Why didn’t it work out for Mike James in Washington this year? Why did the quintessential journeyman — nine teams in eight NBA seasons — only get on the court for four games with the lowly Wizards?
Maybe it was the fact he shot just 30 percent from the field this season. No, that’s not it. That he shot just 38 percent last season when he started 50 games? No. That he shot just 33 percent from three this season? No. That he was averaging almost two turnovers for each assists, a long-time problem in his career? No. That his PER of 5.7 screams “off the bench in the D-League?” No.
Coach just didn’t get along with me. I don’t know whatever the reason was. I don’t believe it has anything to do with basketball because if it had something to do with basketball… I trained hard every day, I practiced well, I did everything I was supposed to do… I didn’t have any answers on why I was in the situation I was put in. I just knew I was in it.
So you think it was personal?
MJ: I don’t know. All I know is it wasn’t basketball. I’m a great locker room guy, I’m a veteran. I’ve been in this league for over nine years and I’m a double-figure scorer for my NBA career. I hadn’t gained any weight. And if you liked me in the past, you would have to like me now. The only difference is I may not be able to do a windmill dunk like I used to in the past. But I can still dunk. It’s tough that I can’t play the game.
He also goes on to blame Saunders for the Wizards poor record.
What I’ve seen of Flip Saunders this season is a coach who would have tried anything to right the ship in DC. He kept shifting lineups because nothing seemed to work. He would have given James plenty of burn if he could have helped, but the fact that a desperate coach kept him on the bench does not speak well of his game.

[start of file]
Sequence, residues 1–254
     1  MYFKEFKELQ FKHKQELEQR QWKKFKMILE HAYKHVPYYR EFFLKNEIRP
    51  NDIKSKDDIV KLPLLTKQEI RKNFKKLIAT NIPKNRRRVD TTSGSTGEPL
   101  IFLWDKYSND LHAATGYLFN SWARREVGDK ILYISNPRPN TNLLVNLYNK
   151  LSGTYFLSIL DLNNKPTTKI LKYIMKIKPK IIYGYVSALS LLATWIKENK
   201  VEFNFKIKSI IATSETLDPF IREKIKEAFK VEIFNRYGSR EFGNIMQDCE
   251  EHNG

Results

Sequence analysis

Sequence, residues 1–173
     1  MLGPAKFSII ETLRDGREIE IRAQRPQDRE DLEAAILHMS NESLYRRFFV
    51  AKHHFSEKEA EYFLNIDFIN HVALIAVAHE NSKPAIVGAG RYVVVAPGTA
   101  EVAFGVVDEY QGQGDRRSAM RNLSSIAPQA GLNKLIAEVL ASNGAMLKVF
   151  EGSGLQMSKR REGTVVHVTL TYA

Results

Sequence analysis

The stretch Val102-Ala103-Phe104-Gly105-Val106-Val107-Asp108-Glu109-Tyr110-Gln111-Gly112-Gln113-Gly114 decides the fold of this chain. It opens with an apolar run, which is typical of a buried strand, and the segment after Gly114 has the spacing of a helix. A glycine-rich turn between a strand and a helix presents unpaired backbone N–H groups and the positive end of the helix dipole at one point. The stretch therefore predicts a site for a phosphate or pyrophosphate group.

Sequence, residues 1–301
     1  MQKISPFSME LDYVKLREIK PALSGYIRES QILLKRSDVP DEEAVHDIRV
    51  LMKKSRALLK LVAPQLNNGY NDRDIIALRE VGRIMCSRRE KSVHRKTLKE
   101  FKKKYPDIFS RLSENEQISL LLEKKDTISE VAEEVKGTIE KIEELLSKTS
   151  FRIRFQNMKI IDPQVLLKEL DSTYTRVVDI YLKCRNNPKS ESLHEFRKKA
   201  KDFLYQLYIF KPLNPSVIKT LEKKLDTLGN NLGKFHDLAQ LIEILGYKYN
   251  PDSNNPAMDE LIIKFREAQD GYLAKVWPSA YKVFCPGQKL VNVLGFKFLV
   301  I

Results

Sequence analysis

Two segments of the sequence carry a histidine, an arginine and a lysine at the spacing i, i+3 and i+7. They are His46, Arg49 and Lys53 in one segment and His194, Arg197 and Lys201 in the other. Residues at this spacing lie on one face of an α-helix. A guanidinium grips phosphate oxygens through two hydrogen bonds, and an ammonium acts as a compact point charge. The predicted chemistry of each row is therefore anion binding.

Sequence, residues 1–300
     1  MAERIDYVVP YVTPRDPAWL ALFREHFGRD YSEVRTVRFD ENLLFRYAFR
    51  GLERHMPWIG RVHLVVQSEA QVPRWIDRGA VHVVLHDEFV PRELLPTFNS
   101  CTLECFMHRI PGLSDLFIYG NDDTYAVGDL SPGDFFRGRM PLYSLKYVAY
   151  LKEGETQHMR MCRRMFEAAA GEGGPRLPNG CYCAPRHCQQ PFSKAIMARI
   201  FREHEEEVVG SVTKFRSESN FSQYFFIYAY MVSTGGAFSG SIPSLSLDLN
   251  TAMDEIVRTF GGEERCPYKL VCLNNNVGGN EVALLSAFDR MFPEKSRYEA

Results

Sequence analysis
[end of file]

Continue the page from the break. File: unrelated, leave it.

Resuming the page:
James says there are other NBA teams reaching out to him right now to add some depth for the final 20 plus games of the regular season (and maybe the playoffs). Although, those coaches may find out James can not help as much as they hoped. Just like Saunders did.
Boston’s Marcus Smart gets flopping warning from NBA
It happened on the game’s final play — you were probably focused elsewhere, wondering how Al Horford could miss the game-winning layup. But watch Smart as he gets in position for the rebound on that shot.
ATLANTA (AP) — Atlanta Hawks forward Mike Scott is expected to play at least two games in the NBA Development League as he comes back from a knee injury that kept him out of training camp and the first 18 games of the season.
Scott played 15 minutes for the Delaware 87ers in Tuesday night’s loss to the Santa Cruz Warriors. He scored four points on 2-of-7 shooting, missing all four of his attempts from 3-point range.
Hawks coach Mike Budenholzer says the D-League is the best way for Scott to get “meaningful, competitive minutes” after undergoing a non-surgical procedure on his left knee.
Scott has played three games for Atlanta since his return. In 28 minutes, he has two points on 1-of-9 attempts, to go along with eight rebounds and six assists.
Watch Kyle O’Quinn throw alley-oop to Carmelo Anthony
Carmelo Anthony isn’t young anymore, but he had the bounce to go get this one.
These were your two best players for the Knicks in their win over Miami Tuesday. Kyle O'Quinn was forced into action earlier than expected when Joakim Noah went on a fouling spree in the third quarter, but O’Quinn played well in the role. ‘Melo dropped 35 on 27 shots — he’s not as efficient as he once was, but he can still get some buckets.
The Knicks picked up a needed win, because they play a back-to-back Wednesday against the Cleveland Cavaliers and a ticked-off LeBron James (New York will pay the price for Phil Jackson’s “posse” comments with a motivated LeBron Wednesday).